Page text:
View this table:
Table 1.

Quizzes A and B

Test and evaluation.

After sessions 3 and 4, all intervention groups completed an individual test on baroreflex physiology. No aids were permitted at this stage. The test consisted of two recall questions, two integrated questions, and two questions that were intermediate between recall and integrated questions. None of the questions related directly to the quizzes that intervention groups I and II had performed, but they all related to the contents of the laboratory exercise. The two recall and intermediate questions were constructed as multiple-choice questions with one or more correct answers (Table 2). The integrated questions were subdivided into multiple-choice subquestions with a single best answer (Table 2). One of the integrated questions was of moderate difficulty and the other of advanced difficulty, and both related to problems that had not directly been addressed during the laboratory exercise. The distinction between moderate and advanced difficulty was based on the supposition that the moderate integrated question merely addressed the impact of gravity on venous return to the heart in a new context, whereas the advanced question required the student to understand and integrate input and output in the baroreflex on multiple levels to be answered appropriately.

View this table:
Table 2.


After the test, the students completed an evaluation form, in which the students had to 1) rate the academic gain of the laboratory exercise, 2) rate the quality of the teaching, 3) rate their own efforts during the laboratory exercise, and 4) provide an overall assessment of the laboratory exercise. In each instance, students had to choose between poor, below average, average, above average, and excellent.

To maximize overall learning for all three intention groups after the study, the correct answers to the test were highlighted by the laboratory instructor immediately after the test and evaluation forms had been handed in.


Ethical approval was not required for the laboratory exercise per se or for the present study as such. Both were conducted in accordance with Danish and European legislation and were approved by the Faculty of Health Sciences of the University of Copenhagen. The volunteering students were healthy with no previous medical history, and the methods used in this exercise are regarded as safe in healthy subjects. Precautions were made to minimize the potential risk, particularly with regard to fainting during the orthostatic maneuver, as subjects were carefully monitored by the laboratory instructors, both of whom were qualified physicians.

Statistical analyses.

Apart from age, all data were considered categorical, and nonparametric methods were applied. When student test results were assessed, 1 point was assigned to each correct question only if all subquestions were answered appropriately. Thus, a total test score ranging from a minimum of 0 points to a maximum of 6 points (2 for recall, 2 for intermediate, and 2 for integrated questions) could be achieved. For the statistical analysis of student evaluations, the student ratings were ranked, so that a rating of “poor” was assigned 0 points, below average 1 point, average 2 points, above average 3 points, and excellent 4 points. A Kruskal-Wallis test was applied to assess an overall difference between groups, and, if significant, groups were compared by means of 2 × 2 tables and Fisher's exact test for binary data and the Mann-Whitney U-test for ordinal data. P values were subsequently adjusted by Holm's sequential Bonferroni correction for multiple comparisons. All analyses were performed using SAS version 9.2. P values of <0.05 were considered statistically significant.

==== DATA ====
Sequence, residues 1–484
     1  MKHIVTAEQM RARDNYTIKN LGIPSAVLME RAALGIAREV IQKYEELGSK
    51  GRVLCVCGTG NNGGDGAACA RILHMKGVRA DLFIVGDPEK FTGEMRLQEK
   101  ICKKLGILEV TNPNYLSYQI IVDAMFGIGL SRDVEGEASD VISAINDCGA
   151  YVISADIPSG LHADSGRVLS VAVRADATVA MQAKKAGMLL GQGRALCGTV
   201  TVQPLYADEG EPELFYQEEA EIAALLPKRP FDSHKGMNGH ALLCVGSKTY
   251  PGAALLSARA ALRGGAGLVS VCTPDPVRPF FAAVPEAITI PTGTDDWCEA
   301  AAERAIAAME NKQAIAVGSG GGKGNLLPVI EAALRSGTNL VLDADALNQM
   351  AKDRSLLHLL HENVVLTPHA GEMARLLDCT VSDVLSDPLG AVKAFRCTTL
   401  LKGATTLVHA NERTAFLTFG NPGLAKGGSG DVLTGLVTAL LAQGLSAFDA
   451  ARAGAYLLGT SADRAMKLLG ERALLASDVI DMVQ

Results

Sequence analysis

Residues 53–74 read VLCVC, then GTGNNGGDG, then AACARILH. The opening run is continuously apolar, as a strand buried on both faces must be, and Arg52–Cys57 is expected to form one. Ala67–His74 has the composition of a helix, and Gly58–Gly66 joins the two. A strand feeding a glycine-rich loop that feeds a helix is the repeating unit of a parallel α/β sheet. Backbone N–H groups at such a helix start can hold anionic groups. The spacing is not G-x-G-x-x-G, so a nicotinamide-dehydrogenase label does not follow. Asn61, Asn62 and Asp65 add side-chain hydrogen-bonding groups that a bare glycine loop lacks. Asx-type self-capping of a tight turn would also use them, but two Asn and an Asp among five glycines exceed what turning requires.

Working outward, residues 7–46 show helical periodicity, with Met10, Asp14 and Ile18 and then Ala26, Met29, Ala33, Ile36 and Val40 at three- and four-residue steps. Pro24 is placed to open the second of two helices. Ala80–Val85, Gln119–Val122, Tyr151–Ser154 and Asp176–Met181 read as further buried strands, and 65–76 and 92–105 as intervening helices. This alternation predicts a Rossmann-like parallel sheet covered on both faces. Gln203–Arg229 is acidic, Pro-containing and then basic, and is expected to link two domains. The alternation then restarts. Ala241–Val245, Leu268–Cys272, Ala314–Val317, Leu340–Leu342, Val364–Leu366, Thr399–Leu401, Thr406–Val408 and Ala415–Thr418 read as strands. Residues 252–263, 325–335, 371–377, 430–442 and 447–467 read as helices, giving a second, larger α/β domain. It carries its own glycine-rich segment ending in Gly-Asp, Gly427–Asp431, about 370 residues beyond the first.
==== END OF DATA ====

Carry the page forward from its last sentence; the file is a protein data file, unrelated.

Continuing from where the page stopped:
Student characteristics.

A total of 57 students were randomized to individual quizzes (5 classes, intervention group I), 56 students were randomized to group quizzes (5 classes, intervention group II), and 42 students served as controls by receiving conventional teaching (4 classes, intervention group III). The three groups were similar with regard to age, sex, and preparation (Table 3).

View this table:
Table 3.

Student characteristics

Test results.

There tended to be an overall difference in total test scores between groups (P = 0.05), with students performing individual quizzes receiving the highest scores (median: 5, range: 2–6) followed by students performing group quizzes (median: 4, range: 2–6) and the control group receiving the lowest scores (median: 4, range: 1–5).

There were no differences between groups on either recall, intermediate, or integrated questions (Fig. 2). However, when scores in the two different integrated questions were specifically assessed, there was an overall difference between groups for the integrated question of advanced difficulty, with a significant difference between the individual quiz group and the control group (P < 0.05; Fig. 2). Among students that failed to respond appropriately to the integrated question of advanced difficulty, there was an overall difference between groups as to the number of correctly answered subquestions (P < 0.05); hence, students performing individual and group quizzes responded correctly to more subquestions than the control group (both P < 0.05). There were no other significant differences between groups.